Written by Madeleine Loose, (University of Texas at Austin) Student Correspondent CET Taiwan, Summer 2018
I wasn’t sure who I was expecting to open the door.
Wariness—that was my first reaction when, weeks before, my friend invited me to a Taiwanese cooking class. At the time, various images ran through my head. I imagined a room full of locals, with me falling behind as I struggled to overcome a language barrier and a lack of cooking skills. I pictured a tough teacher, hardened over years of slaving over a hot stove. My friend assured me it would be fine, and my love of good food convinced me to say yes, but I made sure to memorize the train route back home, just in case I needed to leave early to avoid complete humiliation.
When the door opened, however, all my assumptions and worries evaporated. The woman at the door smiled kindly and welcomed us into her home, a warmly lit apartment with a pot of tea steaming on the coffee table. She introduced herself as Ivy, and as we sat in her living room, chatting and drinking tea, I learned she had been teaching Chinese to foreign students as well as hosting cooking classes like this.
Ivy’s plan for the night? Teach us three Taiwanese staples: beef noodle soup, soup dumplings, and pineapple cakes.We began with the beef noodle soup, with Ivy leading us through the steps of chopping and seasoning the beef and vegetables. Once the vegetables, beef, and broth sat cooking on the stove top, she turned our attention to the soup dumplings. We mixed and kneaded the dough for the dumpling wrappers, alternating between us four students so our arms didn’t tire out. (I peeked at Ivy’s arms—if she did this regularly by herself, her triceps weren’t telling). As soon as all four of us finished our exercise, we began shaping the individual dumpling wrappers—rolling and stretching the dough into paper-thin circles the size of your palm.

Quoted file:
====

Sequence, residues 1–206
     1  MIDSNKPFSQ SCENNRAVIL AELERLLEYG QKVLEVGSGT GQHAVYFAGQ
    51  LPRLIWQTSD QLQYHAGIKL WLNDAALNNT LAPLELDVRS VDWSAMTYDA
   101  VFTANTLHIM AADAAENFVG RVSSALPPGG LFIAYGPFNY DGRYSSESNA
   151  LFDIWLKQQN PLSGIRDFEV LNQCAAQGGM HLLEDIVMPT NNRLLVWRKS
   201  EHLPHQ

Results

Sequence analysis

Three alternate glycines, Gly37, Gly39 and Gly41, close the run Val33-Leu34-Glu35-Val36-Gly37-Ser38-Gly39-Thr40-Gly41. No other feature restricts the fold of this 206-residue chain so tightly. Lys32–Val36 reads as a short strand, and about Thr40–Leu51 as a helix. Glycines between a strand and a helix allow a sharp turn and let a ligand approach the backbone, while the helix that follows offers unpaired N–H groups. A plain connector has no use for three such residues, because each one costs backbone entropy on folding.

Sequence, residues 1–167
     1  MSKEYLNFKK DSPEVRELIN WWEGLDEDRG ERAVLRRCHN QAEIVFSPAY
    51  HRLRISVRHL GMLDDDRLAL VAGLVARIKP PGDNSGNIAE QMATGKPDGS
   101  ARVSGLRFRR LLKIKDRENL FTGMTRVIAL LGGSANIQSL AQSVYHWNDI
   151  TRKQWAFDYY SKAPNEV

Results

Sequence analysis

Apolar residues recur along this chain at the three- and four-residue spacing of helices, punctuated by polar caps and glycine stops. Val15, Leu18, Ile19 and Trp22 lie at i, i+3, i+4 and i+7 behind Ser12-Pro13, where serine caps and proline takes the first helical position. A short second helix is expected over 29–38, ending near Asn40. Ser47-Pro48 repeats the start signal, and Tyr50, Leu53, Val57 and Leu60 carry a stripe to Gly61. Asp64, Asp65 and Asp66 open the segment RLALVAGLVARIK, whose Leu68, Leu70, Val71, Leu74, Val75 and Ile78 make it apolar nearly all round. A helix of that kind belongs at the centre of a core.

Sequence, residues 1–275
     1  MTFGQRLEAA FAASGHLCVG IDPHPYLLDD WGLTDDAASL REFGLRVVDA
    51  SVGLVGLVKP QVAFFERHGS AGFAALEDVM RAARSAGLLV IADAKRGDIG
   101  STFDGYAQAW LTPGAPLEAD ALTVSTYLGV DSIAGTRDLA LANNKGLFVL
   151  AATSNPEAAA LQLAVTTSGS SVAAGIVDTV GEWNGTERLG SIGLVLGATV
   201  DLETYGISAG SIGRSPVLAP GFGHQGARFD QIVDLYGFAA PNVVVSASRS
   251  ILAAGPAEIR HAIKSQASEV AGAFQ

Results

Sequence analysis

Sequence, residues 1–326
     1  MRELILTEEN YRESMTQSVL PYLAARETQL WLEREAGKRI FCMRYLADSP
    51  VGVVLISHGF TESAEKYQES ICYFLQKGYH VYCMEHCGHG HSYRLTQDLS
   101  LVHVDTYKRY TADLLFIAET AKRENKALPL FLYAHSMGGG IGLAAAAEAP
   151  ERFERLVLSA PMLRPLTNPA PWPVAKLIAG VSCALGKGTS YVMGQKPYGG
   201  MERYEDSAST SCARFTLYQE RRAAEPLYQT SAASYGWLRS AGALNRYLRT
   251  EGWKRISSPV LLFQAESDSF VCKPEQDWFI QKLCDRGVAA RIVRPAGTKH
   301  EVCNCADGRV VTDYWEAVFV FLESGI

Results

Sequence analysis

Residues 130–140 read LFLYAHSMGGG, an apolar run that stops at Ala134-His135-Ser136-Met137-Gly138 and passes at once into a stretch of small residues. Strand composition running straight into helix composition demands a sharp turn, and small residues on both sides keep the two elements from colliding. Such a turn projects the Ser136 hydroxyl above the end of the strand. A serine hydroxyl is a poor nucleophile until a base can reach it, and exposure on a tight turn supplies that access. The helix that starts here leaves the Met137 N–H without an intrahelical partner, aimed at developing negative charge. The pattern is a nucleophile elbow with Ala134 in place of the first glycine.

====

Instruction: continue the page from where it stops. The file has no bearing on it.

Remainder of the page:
While we worked, Ivy explained to us how to mix the pork, broth, and gelatin, adding that it needed several hours in the refrigerator to turn into the jelly needed for the recipe. With that she went to the refrigerator and pulled out the final product, she had made and placed there hours earlier. Spoon in hand, she then showed us how to fill and shape the dumplings. She made it look easy and graceful, but she had years more practice than we had. I wrestled with the dumplings, amazed that something so small could best me. I folded and twisted and folded again, ending up with a final product that looked like the sad, deformed version of Ivy’s. But I knew that even if the dumplings didn’t look quite as perfect as I had hoped, they would still taste delicious.
Finally, we set the dumplings aside and moved on to the pineapple cakes. We mixed and kneaded this dough, which was sweeter and a bit tougher than the dumpling wrapper dough, similar to a piecrust dough. While we kneaded, Ivy told us that pineapple cakes have been traditionally used as wedding cakes in Taiwan. Because Taiwan used to export the majority of their pineapples, however, it eventually became common to make pineapple cakes from winter melon instead.
Our cakes would be the real deal. Ivy brought out a homemade pineapple jam, a rather unappetizing-looking lumpy golden-brown mixture that still smelled fresh and delicious. We set to work, rolling and flattening the dough, scooping in a dollop of jam, then pressing them into little molds. Ivy seemed to have these molds by the dozen, in various shapes, with the island of Taiwan itself being the preeminent shape.
Into the oven for the pineapple cakes! Onto the cook-top for the dumplings! Then began the wait.
A twenty-minute-long decade dragged by in which my only companion was the hunger I worked up from hours of cooking. Finally, we sat down to enjoy the fruits of our labor. And what joy it was. I slurped down the beef noodle soup, and would have gorged on the dumplings if the pineapple cake hadn’t started singing to me. Knowing I had taught it to sing only made the song sweeter.While we ate, we chatted with Ivy, talking about her life in Taipei, our lives in the US, and our experience studying here in Taiwan.
By the time we finished dinner, we were already planning to come back for another class. I really look forward to another chance to learn more about Taiwanese culture while eating delicious food!